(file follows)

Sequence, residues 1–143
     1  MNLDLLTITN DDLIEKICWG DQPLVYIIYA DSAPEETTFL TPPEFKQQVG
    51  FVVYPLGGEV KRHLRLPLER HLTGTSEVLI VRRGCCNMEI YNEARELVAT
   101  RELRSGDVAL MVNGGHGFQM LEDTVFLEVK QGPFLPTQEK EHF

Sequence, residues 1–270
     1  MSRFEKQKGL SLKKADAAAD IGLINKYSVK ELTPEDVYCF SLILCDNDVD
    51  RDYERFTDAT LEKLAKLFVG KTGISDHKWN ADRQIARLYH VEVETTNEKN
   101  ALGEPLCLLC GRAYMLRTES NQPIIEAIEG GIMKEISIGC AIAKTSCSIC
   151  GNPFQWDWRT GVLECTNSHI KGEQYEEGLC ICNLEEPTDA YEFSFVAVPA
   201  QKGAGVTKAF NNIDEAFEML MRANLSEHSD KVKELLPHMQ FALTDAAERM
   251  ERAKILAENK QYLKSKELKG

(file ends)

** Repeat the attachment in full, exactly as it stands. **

Sequence, residues 1–143
     1  MNLDLLTITN DDLIEKICWG DQPLVYIIYA DSAPEETTFL TPPEFKQQVG
    51  FVVYPLGGEV KRHLRLPLER HLTGTSEVLI VRRGCCNMEI YNEARELVAT
   101  RELRSGDVAL MVNGGHGFQM LEDTVFLEVK QGPFLPTQEK EHF

Sequence, residues 1–270
     1  MSRFEKQKGL SLKKADAAAD IGLINKYSVK ELTPEDVYCF SLILCDNDVD
    51  RDYERFTDAT LEKLAKLFVG KTGISDHKWN ADRQIARLYH VEVETTNEKN
   101  ALGEPLCLLC GRAYMLRTES NQPIIEAIEG GIMKEISIGC AIAKTSCSIC
   151  GNPFQWDWRT GVLECTNSHI KGEQYEEGLC ICNLEEPTDA YEFSFVAVPA
   201  QKGAGVTKAF NNIDEAFEML MRANLSEHSD KVKELLPHMQ FALTDAAERM
   251  ERAKILAENK QYLKSKELKG